Of another time
- Will reach out to 'muslim' brothers, address Ram Temple issue: Modi
- Congress backs Priyanka Gandhi as she hits out at opposition for 'targeting Robert Vadra without proof'
- CJI bars advocate's entry in SC for 6 months for sexual harrassment
- April 22 Campaign roundup: Modi hurls a 'khooni panja' at Cong, says its responsible for 1100 lives in Telangana
- IPL 7: It's that man Glenn Maxwell again
The story of the missing files shows government processes haven't stepped up to the information age.
The information age is at least two decades old but it is still news to many governments. The political effects of this cognitive failure are proving to be intense. In India's Parliament, the opposition is feeding live coals of fire to the government for conveniently losing 200 files pertaining to the coal scam. India is a leader in e-governance but clearly, government files are not backed up. Meanwhile, in London, The Guardian's were visited by government "security experts" who oversaw the physical destruction of hard disks containing data leaked by Edward Snowden. Apparently, these "experts" have not heard of backups either. In addition, Guardian columnist Glenn Greenwald's partner was detained while passing through Heathrow in a P.C. Goon-style attempt to shake him down for some more stolen data.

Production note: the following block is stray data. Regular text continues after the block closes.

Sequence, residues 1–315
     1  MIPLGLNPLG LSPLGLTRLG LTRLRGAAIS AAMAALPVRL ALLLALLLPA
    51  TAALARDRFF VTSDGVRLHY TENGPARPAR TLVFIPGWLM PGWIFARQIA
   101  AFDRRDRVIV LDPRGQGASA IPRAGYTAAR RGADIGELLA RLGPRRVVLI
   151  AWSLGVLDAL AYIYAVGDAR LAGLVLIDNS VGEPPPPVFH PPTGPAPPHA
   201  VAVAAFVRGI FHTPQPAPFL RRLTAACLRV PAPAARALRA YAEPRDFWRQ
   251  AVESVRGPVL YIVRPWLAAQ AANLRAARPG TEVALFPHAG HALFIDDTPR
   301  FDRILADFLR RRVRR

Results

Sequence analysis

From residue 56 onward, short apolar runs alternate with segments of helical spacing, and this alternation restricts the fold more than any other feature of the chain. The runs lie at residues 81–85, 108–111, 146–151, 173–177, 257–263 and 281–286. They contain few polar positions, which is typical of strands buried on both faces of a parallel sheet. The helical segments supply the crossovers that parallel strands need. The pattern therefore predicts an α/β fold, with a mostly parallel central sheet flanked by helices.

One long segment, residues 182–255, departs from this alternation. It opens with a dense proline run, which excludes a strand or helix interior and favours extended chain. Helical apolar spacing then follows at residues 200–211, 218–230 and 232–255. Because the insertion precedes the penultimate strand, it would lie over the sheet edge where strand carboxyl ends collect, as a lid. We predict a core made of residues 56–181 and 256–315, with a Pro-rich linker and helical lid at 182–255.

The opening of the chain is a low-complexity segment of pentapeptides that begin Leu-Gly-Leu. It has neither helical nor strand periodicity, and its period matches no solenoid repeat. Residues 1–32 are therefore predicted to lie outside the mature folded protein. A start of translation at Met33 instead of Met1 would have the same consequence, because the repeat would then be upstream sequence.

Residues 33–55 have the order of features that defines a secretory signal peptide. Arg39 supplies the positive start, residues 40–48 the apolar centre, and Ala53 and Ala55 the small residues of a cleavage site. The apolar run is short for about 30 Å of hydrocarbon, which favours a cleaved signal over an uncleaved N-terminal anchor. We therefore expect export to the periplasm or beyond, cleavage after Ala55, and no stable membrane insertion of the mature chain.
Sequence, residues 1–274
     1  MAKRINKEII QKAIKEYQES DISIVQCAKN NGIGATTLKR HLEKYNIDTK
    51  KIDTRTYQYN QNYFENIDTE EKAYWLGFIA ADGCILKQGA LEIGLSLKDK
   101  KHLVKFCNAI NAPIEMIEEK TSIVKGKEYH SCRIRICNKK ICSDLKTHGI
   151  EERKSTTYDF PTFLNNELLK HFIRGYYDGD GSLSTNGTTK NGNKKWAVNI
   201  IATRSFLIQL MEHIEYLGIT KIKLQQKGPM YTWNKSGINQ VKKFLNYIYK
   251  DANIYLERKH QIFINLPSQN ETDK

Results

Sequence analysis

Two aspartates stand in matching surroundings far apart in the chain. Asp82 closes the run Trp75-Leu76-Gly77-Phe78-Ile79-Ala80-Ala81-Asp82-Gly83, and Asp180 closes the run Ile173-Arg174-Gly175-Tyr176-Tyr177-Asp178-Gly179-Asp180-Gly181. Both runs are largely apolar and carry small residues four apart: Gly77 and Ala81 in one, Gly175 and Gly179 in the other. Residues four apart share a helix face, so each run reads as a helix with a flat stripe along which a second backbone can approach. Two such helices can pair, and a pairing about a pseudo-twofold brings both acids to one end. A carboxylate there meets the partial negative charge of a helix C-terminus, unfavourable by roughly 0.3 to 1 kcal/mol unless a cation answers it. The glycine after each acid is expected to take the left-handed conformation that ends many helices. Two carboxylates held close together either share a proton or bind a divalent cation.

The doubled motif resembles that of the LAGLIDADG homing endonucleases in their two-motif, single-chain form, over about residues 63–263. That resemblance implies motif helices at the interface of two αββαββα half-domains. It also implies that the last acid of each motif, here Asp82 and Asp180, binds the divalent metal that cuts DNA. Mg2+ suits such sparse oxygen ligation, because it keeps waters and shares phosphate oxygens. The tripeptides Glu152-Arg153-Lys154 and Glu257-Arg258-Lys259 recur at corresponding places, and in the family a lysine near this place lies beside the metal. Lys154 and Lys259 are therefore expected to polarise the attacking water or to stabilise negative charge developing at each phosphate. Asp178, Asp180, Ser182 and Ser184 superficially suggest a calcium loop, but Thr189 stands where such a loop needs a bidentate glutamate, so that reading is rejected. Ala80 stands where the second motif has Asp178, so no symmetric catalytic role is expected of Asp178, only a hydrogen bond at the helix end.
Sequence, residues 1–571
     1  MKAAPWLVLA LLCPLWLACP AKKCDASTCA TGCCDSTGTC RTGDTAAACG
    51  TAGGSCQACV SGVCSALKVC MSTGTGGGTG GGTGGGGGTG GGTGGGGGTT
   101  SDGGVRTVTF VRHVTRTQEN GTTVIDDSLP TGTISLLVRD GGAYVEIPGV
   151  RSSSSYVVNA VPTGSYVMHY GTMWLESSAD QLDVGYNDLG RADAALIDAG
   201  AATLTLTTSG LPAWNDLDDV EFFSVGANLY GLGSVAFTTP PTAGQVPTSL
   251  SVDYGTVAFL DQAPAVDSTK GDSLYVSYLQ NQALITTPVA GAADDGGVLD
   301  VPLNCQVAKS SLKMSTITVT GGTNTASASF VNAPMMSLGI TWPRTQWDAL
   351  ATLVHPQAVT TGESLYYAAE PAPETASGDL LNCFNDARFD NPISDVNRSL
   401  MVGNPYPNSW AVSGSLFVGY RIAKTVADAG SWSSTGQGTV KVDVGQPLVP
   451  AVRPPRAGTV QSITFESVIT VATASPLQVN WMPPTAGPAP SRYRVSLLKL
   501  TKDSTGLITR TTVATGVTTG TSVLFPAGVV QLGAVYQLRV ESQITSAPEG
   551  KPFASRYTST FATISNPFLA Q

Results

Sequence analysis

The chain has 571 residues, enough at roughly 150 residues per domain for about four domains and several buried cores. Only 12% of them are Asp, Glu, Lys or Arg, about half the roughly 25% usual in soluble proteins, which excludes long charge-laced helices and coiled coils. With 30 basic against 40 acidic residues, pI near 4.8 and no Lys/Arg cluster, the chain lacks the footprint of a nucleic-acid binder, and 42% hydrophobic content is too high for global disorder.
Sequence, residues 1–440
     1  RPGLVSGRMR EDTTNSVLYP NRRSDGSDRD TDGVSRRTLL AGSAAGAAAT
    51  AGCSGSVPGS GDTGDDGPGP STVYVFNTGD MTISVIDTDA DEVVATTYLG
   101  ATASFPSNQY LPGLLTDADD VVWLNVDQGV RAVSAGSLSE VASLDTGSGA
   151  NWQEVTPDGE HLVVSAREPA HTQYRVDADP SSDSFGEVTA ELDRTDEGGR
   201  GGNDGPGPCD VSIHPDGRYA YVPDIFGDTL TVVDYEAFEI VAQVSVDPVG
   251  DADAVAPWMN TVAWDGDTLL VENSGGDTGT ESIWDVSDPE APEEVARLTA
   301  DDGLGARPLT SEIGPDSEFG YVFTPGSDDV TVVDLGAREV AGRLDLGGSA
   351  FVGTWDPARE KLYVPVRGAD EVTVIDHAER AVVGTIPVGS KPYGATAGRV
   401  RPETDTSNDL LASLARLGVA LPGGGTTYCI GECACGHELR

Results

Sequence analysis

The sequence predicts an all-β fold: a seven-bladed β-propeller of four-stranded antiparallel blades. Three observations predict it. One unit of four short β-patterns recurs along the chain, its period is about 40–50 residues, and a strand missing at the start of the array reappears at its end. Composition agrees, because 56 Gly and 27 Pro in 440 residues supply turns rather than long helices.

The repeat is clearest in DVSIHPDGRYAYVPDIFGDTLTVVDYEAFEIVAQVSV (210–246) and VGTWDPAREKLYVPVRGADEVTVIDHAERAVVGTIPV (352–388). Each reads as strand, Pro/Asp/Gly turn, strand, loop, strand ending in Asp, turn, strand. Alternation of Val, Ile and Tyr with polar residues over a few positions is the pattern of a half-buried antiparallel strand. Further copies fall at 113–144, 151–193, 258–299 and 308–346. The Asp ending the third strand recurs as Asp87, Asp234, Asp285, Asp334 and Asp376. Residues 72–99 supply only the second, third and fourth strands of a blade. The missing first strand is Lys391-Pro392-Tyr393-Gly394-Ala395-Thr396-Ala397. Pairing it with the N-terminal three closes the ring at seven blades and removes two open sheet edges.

One of the defining characteristics of data is that it is infinitely and exactly replicable, so it can be safely assumed that the Snowden files exist on dozens of computers and storage devices. Smashing or confiscating two or three would make no difference. So the government attention that The Guardian attracted can be read either as stupidity or as intimidation of the media. Britons want to know if their politicians were involved. Across the Atlantic, rights groups are asking if US officials were involved.
- Rohit Shekhar biological son of N D Tiwari: HC
- Shazia Ilmi courts controversy, says Muslims should become 'communal' when they vote
- Alliance led by Sena, BJP will win 35 seats in Maharashtra, says Munde
- Black money: SC raps govt for not sharing info from Germany
- Delhi confidential: Power play
- Advisory unchanged, India to continue screening Haj pilgrims